The Chemical Cauldron of Creation: JWST’s Insights Into Protoplanetary Disks

Hydrocarbon Molecules Protoplanetary Disk Around a Very Low-Mass Star

Artist’s impression of a protoplanetary disk around a very low-mass star. It depicts a selection of hydrocarbon molecules (Methane, CH4; Ethane, C2H6; Ethylene, C2H2; Diacetylene, C4H2; Propyne, C3H4; Benzene, C6H6) detected in the disk around ISO-ChaI 147. Credit: ALMA (ESO/NAOJ/NRAO) / MPIA

Observations from the James Webb Space Telescope have revealed a high concentration of hydrocarbons in the protoplanetary disk of a young star with very low mass.

James Webb Space Telescope (JWST) observations have revealed abundant hydrocarbons in the protoplanetary disk surrounding a young, very-low-mass star – findings that provide novel insights into the chemical environment from which many terrestrial planets, in particular, are born.

Efficiency of Planet Formation Around VLMSs

Planets form in disks of gas and dust that orbit young stars. Observations show that terrestrial planets form more efficiently than gas giant planets around very-low-mass stars (VLMSs) – those with less than 0.3 solar masses. Although the chemical compositions of the inner disk regions around higher mass stars have been previously studied, very few inner disk regions around VLMSs have been investigated.

Protoplanetary Disc of SO-ChaI 147 (Webb MIRI Emission Spectrum)

The spectrum revealed by Webb’s Mid-InfraRed Instrument (MIRI) shows the richest hydrocarbon chemistry seen to date in a protoplanetary disc, consisting of 13 carbon-bearing molecules up to benzene. This includes the first extrasolar detection of ethane (C2H6), the largest fully-saturated hydrocarbon detected outside our Solar System. Since fully-saturated hydrocarbons are expected to form from more basic molecules, detecting them here gives researchers clues about the chemical environment. The team also successfully detected ethylene (C2H4), propyne (C3H4), and the methyl radical CH3, for the first time in a protoplanetary disc. This graphic highlights the detections of ethane (C2H6), methane (CH4), propyne (C3H4), cyanoacetylene (HC3N), and the methyl radical CH3. Credit: NASA, ESA, CSA, R. Crawford (STScI)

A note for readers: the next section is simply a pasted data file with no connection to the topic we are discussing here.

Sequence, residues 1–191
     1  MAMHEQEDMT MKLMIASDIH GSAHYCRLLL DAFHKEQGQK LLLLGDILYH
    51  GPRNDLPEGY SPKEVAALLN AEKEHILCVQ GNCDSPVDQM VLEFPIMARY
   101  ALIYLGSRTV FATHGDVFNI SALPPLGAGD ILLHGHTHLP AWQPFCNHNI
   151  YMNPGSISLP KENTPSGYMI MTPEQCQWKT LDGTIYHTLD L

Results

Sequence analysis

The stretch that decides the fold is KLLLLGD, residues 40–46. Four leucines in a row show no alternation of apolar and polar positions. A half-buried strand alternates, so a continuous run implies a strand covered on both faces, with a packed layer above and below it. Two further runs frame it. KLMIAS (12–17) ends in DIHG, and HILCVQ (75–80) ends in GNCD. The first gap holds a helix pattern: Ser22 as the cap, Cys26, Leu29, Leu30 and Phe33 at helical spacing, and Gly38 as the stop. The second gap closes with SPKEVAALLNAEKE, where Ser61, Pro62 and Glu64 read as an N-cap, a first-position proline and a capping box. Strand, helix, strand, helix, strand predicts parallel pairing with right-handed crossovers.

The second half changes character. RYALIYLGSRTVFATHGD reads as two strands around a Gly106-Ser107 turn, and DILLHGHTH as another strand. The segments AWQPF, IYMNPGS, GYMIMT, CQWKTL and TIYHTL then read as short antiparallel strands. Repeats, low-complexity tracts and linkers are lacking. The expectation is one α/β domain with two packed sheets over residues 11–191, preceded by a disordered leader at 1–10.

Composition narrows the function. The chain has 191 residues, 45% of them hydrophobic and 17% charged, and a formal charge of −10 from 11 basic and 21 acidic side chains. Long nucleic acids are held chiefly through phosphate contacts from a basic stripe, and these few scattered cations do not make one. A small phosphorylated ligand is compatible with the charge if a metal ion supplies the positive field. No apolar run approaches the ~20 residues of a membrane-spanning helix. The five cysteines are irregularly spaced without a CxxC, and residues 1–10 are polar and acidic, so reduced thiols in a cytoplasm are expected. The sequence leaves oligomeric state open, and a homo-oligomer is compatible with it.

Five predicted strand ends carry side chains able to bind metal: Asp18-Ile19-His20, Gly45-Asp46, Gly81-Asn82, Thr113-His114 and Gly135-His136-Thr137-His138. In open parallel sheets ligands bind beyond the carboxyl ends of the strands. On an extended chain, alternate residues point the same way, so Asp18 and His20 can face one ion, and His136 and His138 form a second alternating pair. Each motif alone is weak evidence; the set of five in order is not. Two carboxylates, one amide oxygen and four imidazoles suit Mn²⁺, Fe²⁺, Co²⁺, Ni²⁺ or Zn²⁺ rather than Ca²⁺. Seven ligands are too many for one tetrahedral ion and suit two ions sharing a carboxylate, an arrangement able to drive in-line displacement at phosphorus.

Mid-Infrared Spectroscopy Reveals Disk Chemistry

Using the JWST’s mid-infrared spectroscopy instrument, Aditya Arabhavi and colleagues investigated the chemical composition of the planet-forming disk around ISO-ChaI 147, a young 0.11-solar-mass star in the Chameleon I star-forming region.

Implications of a High Carbon/Oxygen Ratio

The researchers found that the inner disk region surrounding this star has a carbon-rich chemistry featuring 13 carbon-bearing molecules, including ethane and benzine. This abundance in hydrocarbon molecules starkly contrasts the lack of observed oxygen-bearing molecules, suggesting that the region has a carbon to oxygen radio of >1.

According to the research team, this high carbon/oxygen ratio indicates radial transport of material within the disk, likely affecting the bulk composition of any planets forming within the disk.

For more on this discovery:

Reference: “Abundant hydrocarbons in the disk around a very-low-mass star” by A. M. Arabhavi, I. Kamp, Th. Henning, E. F. van Dishoeck, V. Christiaens, D. Gasman, A. Perrin, M. Güdel, B. Tabone, J. Kanwar, L. B. F. M. Waters, I. Pascucci, M. Samland, G. Perotti, G. Bettoni, S. L. Grant, P. O. Lagage, T. P. Ray, B. Vandenbussche, O. Absil, I. Argyriou, D. Barrado, A. Boccaletti, J. Bouwman, A. Caratti o Garatti, A. M. Glauser, F. Lahuis, M. Mueller, G. Olofsson, E. Pantin, S. Scheithauer, M. Morales-Calderón, R. Franceschi, H. Jang, N. Pawellek, D. Rodgers-Lee, J. Schreiber, K. Schwarz, M. Temmink, M. Vlasblom, G. Wright, L. Colina and G. Östlin, 6 June 2024, Science.
DOI: 10.1126/science.adi8147

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